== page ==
There was a lot of “stuff” talk this week actually. My friend, the one who took me out for octopus noodles, also invited me to a business-y seminar she was involved in. Our conversation involved a lot of sharing about life goals and desired achievements. I’ll spare you my non-answers but it was a good reminder that school’s almost over and it’s probably time to start looking at what’s next.

Other things this week included a quick run-through the MOCA (unaffiliated with the one in L.A.) for a straw and feathers exhibit, and then another gay club on Friday. This one totally sucked though, with music that was not nearly as fun as last week, with way too small of a dance floor. Oh well, the search continues… The weekend wrapped with a hookah lounge — first one in Taiwan — and then a long night of karaoke.

Anyone know if the "secret KTV" with a large English language selection is now closed down or what? I didn't even get to go!

Oh, also saw a trio of movies this week. First up was a double-feature of Park Chan-Wook's Sympathy for Lady Vengeance and Sympathy for Mr. Vengeance. My friend hadn’t seen any of Park’s films so that was a doozy. Of the two, I think I liked Lady Vengeance better (almost solely based on the strength of the long coda), but Mr. Vengeance was more interesting plot-wise. Both are must-sees, of course, and maybe if you’re feeling lots of “WTF am I watching!?” then toss in Old Boy too for a night of light entertainment.

Noah Baumbach’s While We’re Young was a total disappointment. Like I was I was stunned that this was a Baumbach feature. After Frances Ha I thought Baumbach would give us a great take on getting older, but it seemed like he aimed squarely for mass appeal and the potshots he took at Millenials seemed so broad and cliched. The result was funny but not in any sort of Baumbach-ian way. I was hoping to gain some insight into what it's like being child-less in your mid-thirties while hangout out with people in their twenties but Noah was no help this time around. I guess I'll just have to look inward.

27 April 2015

APR: Week Four

Currently pushing: An article about Diplomacy from Grantland, "The Board Game of the Alpha Nerds." Also this from fivethirtyeight, "Designing the Best Board Game on the Planet."

While there was a lot that happened this week, the only thing of true importance was a board game, Pandemic. (Technically, it’s a digital board game because we played it on iPad.) In Pandemic, players team up to fight against four diseases threatening to overtake the world. As you assume the roles of medic, scientist, researcher, dispatcher, etc. you have to work together and cooperate, otherwise you’ll lose.

Actually, you’ll probably lose anyway. To date, I haven’t won a single game of Pandemic yet. The closest time we’ve come to eradicating all four diseases is one turn away, and then a rule we didn’t quite understand came crashing down and we lost. Again. Seriously, I haven’t been this upset at a game in awhile. For a few days there, we were on a serious Pandemic addiction. Now we are just looking for that elusive dedicated fourth team member to take us over the hump.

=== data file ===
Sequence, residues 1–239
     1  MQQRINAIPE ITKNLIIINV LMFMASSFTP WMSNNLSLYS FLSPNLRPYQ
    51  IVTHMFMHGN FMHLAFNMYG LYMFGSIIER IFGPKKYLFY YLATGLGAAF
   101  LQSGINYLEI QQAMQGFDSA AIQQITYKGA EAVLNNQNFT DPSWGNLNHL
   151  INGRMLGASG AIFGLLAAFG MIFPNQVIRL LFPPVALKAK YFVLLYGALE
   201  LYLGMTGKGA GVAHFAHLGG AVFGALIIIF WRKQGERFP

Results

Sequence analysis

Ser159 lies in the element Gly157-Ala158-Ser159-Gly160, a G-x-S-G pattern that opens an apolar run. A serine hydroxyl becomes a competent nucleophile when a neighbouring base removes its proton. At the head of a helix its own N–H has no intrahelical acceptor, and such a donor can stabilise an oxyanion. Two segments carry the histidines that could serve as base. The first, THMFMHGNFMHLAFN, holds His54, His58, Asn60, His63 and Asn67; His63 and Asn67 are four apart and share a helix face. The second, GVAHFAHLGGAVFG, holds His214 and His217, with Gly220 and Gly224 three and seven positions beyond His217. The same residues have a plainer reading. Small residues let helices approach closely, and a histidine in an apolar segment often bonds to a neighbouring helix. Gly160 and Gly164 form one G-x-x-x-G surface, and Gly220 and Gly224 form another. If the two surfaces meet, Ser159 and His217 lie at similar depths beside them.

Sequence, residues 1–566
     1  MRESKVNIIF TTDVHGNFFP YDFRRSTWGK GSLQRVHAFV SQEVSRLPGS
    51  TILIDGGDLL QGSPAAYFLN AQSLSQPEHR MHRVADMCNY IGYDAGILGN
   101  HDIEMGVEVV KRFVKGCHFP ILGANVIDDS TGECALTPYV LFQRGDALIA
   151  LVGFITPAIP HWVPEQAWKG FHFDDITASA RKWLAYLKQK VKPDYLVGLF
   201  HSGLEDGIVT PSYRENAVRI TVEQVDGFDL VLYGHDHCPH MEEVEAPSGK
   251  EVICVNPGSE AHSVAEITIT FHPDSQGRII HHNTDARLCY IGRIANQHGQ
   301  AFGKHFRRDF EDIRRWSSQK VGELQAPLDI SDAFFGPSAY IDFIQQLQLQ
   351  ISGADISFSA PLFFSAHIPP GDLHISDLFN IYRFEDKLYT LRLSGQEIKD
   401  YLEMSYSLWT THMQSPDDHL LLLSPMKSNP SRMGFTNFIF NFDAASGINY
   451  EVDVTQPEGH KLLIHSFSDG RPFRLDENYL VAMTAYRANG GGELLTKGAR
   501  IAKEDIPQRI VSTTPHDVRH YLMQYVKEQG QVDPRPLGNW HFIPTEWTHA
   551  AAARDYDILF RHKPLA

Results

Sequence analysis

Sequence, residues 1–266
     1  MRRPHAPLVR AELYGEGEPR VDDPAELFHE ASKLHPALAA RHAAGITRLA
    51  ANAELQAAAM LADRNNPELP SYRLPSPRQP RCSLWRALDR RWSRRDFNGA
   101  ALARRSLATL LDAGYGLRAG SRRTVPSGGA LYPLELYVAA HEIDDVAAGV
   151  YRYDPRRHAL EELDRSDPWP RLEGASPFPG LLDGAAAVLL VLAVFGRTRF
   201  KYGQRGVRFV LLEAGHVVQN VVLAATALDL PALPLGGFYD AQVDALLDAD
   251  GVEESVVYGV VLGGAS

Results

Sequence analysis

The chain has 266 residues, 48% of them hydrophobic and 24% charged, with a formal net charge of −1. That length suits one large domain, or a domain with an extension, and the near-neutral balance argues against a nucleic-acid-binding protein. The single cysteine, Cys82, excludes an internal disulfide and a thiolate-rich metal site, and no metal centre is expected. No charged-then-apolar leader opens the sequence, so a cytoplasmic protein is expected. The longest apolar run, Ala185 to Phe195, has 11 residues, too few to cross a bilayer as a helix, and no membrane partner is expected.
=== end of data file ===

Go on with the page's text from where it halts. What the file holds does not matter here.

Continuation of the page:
Also, Hearthstone for iPhone released, which is bad news. Part of my reason for getting an iPad Mini was to play games on it but if Hearthstone is going to be available on-the-go, that’s the option I’ll get with. There’s been talk of getting together after school to play some real live, physical, Magic the Gathering but now that Hearthstone has invaded my life, it’s actually better. Blasphemy, I know. But the fact that Hearthstone is free, and that it’s much easier to teach people how to play, leads to Hearthstone being my collectible card game of choice at the moment. I know playing any CCG is a dangerous road to go down given my past history but I’m doing it anyway…

Sometimes school takes us on field trips so last Friday we hit up the pineapple cake factory. Making pineapple cakes were much more fun and interactive than making tofu at Shenkeng. There’s the mixing, kneading, chopping, rolling, stuffing, waiting, and then packaging. Versus with tofu which is like five minutes of stirring and pouring and then voila. The final pineapple products were super legit too, so much so that my mom thought we had bought the cakes from a store.

School trips are super fun (with the right people) and you get a chance to visit things you never would have normally been inclined to. For example, when we went to Fort San Domingo in Tamsui last semester, I learned about the Spanish, Dutch, and British history of Taiwan. Without our teacher leading the way, I never would have known, or been inclined to, go to Fort San Domingo on my own.

Another field trip, of sorts, took place over the weekend as we finally got to go to a gay club in Taipei. The spot we picked was apparently catered toward the very young — let’s just say that if you were within the age range of 18-23 you got in free — but it was fun as hell. Maybe because we had a large group, maybe because I was just excited to hear some Taylor and Carly Rae on the dance floor, but Funky was an absolute blast.

The dancers that came on intermittently were amazing too, way better than the Luxy Girls or any of the other ladies that the big clubs bring on stage. Let’s face it, those girls can barely dance and are basically rhythm-less. Bleh. The dancers at Funky, on the other hand, were incredible and they worked that shit.

One thing that stayed consistent was how shy the boys/men are in Taiwan. I expected a lot of meeting people and chatting but shy Taiwan boys are shy regardless of their sexual orientation I guess. Or maybe everyone was just too young but overall the vibe was similar to any other club here, with guys plastered along the sides like mice. Anyway, forget the clubs in Xinyi, it’s time to explore Taipei’s gay scene and dance dance dance!